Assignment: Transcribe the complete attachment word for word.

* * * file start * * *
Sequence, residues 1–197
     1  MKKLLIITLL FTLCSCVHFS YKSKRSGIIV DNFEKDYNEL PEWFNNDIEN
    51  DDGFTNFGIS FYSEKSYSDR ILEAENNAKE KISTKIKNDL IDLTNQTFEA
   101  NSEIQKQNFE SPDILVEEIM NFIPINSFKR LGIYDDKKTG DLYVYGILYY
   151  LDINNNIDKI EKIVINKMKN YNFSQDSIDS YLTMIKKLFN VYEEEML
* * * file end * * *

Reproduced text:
Sequence, residues 1–197
     1  MKKLLIITLL FTLCSCVHFS YKSKRSGIIV DNFEKDYNEL PEWFNNDIEN
    51  DDGFTNFGIS FYSEKSYSDR ILEAENNAKE KISTKIKNDL IDLTNQTFEA
   101  NSEIQKQNFE SPDILVEEIM NFIPINSFKR LGIYDDKKTG DLYVYGILYY
   151  LDINNNIDKI EKIVINKMKN YNFSQDSIDS YLTMIKKLFN VYEEEML